Are ‘Quiet Fireworks’ in Our Future?

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photo: Nigel Howe via Flickr

If you’ve ever watched a dog cowering behind the furniture during a fireworks show — or tried to comfort your terrified child mid-blasts — you know it’s true: not everyone likes the ear-rattling booms of the beloved “bombs bursting in air.”

But would you be willing to give up the booms of your annual fireworks show in lieu of a quieter (albeit just as gorgeous) display? Supporters of “silent fireworks” hope so, insisting that softer shows are more humane to pets and wildlife and less stressful for noise-sensitive children, elderly people and veterans.

It’s already happening in Costa Mesa, Ca, where a city councilman raised $50,000 to put on the city’s first silent fireworks show for this year’s Fourth of July celebration. And in Hawaii, the animal advocate group PETA offered $5,000 to the Lahaina Town Action Committee to use quiet fireworks at its annual July Fourth show. The committee declined because it already had a contract in place, but leaders said they would “do their research” into the request for future shows.

“We have to do our research,” Lynn Donovan, executive director of the Lahaina committee, told a local paper. “We do our fireworks out in the ocean and the noise is reduced drastically already because of it.”

Silent fireworks aren’t completely muted; they still have some pops and fizzes; just not the sorts of explosive bangs that can set off car alarms.

According to the ASPCA, more dogs are lost on the Fourth of July than any other day of the year. The loud noises can also have detrimental effects on wildlife: Experts have documented flocks of nesting birds and other small mammal parents abandoning their nests and leaving their babies behind after loud fireworks shows. And, several years in a row, thousands of blackbirds fell from the sky after professional-grade fireworks were illegally set off in Beebe, Ar.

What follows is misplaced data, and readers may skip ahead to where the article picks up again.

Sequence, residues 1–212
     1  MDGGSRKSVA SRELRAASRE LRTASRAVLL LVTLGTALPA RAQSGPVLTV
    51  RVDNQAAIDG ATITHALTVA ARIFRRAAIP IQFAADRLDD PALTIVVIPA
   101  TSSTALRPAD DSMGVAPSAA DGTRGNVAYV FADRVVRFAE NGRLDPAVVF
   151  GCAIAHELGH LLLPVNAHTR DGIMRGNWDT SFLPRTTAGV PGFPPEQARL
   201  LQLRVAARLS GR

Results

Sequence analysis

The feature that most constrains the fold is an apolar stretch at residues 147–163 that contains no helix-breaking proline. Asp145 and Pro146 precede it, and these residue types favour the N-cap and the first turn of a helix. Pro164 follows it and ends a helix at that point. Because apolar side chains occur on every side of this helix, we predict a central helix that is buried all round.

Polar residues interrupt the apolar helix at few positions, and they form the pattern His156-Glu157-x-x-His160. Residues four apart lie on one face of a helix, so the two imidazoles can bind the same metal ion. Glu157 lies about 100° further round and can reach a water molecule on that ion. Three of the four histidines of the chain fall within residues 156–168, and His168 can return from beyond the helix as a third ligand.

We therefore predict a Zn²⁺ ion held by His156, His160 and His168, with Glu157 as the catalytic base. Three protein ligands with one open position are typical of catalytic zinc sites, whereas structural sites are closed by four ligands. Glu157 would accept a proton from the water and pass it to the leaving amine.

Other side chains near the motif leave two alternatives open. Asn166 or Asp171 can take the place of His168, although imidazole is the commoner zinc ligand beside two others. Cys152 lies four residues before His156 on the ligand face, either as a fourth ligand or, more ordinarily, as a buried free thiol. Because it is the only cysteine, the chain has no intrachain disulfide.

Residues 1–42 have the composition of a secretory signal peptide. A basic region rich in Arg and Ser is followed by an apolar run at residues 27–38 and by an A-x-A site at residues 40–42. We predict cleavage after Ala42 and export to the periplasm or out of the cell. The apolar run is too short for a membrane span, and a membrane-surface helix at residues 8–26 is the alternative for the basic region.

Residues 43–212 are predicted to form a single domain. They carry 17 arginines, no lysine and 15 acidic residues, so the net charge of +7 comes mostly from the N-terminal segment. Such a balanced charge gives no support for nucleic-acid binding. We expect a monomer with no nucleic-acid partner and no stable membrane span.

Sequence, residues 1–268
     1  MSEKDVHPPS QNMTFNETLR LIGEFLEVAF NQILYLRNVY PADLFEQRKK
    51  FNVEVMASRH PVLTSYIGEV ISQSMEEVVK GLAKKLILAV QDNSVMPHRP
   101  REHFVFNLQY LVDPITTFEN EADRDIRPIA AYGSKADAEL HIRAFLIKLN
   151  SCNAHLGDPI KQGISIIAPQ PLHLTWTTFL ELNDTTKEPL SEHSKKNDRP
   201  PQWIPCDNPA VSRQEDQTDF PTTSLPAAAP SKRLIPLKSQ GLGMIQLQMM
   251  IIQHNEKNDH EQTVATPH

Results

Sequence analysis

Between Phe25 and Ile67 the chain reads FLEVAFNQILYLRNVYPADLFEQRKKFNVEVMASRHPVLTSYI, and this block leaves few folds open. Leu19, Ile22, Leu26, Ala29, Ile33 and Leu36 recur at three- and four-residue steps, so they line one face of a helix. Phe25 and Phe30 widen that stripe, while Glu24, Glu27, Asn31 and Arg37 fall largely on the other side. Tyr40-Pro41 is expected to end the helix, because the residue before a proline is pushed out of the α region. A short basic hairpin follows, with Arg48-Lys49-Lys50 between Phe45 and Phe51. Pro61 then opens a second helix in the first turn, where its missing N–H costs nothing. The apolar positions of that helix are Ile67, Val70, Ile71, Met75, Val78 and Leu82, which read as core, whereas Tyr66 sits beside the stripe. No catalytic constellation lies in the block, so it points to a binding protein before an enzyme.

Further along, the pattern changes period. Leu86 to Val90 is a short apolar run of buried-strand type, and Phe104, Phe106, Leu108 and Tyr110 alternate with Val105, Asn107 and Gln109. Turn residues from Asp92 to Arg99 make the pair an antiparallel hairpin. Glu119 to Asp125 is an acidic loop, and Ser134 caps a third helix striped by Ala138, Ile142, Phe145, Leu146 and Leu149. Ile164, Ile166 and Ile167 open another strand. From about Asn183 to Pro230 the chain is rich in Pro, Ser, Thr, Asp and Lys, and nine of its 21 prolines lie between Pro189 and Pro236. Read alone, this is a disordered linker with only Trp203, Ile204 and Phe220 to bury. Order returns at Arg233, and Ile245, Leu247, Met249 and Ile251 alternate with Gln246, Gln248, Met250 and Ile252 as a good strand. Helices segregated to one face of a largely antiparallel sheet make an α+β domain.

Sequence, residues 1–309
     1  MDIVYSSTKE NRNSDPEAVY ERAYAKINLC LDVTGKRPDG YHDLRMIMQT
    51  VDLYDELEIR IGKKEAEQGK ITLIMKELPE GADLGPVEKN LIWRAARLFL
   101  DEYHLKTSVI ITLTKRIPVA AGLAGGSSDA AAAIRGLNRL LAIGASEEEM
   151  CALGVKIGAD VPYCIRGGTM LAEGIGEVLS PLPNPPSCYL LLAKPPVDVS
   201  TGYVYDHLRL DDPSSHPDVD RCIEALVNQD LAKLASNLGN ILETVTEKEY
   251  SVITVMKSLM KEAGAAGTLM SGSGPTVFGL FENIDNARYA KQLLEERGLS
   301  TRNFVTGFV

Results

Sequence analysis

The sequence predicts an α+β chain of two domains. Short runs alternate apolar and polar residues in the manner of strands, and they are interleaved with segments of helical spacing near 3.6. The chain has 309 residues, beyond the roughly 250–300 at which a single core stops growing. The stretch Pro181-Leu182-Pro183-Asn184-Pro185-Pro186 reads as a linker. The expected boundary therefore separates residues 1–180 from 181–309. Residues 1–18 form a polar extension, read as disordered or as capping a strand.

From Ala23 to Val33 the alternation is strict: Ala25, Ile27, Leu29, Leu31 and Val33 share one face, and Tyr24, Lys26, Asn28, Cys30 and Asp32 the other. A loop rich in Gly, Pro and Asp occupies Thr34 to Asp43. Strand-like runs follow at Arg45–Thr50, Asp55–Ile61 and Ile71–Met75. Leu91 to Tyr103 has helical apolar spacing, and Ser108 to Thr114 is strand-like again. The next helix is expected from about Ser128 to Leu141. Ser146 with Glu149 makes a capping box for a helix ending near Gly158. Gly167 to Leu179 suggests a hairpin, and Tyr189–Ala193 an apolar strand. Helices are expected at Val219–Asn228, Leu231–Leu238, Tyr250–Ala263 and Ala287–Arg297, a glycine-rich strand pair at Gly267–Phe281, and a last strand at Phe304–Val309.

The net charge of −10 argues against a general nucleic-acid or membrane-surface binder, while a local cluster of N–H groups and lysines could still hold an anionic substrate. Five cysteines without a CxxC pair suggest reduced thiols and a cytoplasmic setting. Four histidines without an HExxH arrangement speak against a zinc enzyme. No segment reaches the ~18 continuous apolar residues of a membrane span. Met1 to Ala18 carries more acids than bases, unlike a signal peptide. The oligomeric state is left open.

It might sound like Fourth of July sacrilege to people in the U.S., but quiet fireworks are becoming more and more common elsewhere in the world. In Britain, venues close to residents, wildlife or livestock must use them. And in the Italian town of Collecchio, a 2015 law mandated that all fireworks displays must be quiet.

Makers of quiet fireworks say the quieter shows rely more on vibrant colors and precise visual choreography rather than big pops and bangs. You’ve probably seen them before, since they’re routinely used in big (noisy) fireworks shows to add drama or effect, like the “comet tail” firework that shoots into the sky and quietly fades away.

“We’ve seen more competitors in the last decade or so,” Rino Sampieri, a senior display manager at Fantastic Fireworks, a company based in England, told The New York Times. “Today, quiet fireworks are part of everybody’s inventory.”

Want to see quiet fireworks in action? Click on the link below.

Would you like to see quieter fireworks shows become the norm? Tell us your thoughts in the comments below. 

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